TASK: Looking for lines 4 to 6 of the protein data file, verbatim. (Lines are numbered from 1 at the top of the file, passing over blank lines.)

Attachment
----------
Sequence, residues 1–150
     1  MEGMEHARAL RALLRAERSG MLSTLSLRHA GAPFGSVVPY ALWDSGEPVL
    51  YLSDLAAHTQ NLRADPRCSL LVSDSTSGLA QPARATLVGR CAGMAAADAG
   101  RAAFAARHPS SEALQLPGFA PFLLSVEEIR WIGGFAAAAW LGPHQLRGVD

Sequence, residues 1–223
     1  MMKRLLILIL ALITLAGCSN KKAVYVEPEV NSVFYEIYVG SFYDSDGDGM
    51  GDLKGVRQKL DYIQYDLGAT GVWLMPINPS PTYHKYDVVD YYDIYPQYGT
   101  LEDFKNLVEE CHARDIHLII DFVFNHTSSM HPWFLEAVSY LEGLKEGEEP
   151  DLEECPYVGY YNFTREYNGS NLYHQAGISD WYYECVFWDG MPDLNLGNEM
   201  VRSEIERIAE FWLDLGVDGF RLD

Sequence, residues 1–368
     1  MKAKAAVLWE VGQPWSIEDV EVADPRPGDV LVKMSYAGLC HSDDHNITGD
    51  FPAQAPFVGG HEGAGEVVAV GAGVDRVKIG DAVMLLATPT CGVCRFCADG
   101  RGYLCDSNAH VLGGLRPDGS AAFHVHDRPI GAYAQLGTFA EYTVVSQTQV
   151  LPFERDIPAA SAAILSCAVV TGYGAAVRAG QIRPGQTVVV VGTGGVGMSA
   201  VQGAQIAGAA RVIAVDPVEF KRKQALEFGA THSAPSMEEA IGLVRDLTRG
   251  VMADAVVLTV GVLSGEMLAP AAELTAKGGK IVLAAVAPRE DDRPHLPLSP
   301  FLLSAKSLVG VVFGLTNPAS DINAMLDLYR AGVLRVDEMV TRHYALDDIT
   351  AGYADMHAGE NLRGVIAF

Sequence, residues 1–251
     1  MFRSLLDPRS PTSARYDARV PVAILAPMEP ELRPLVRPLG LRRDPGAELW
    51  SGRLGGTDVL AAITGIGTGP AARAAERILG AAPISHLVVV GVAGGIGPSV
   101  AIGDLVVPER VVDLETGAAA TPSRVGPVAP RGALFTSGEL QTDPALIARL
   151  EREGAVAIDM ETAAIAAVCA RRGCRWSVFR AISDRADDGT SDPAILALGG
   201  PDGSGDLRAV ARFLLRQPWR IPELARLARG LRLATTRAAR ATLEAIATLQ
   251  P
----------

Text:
   101  RAAFAARHPS SEALQLPGFA PFLLSVEEIR WIGGFAAAAW LGPHQLRGVD

Sequence, residues 1–223
     1  MMKRLLILIL ALITLAGCSN KKAVYVEPEV NSVFYEIYVG SFYDSDGDGM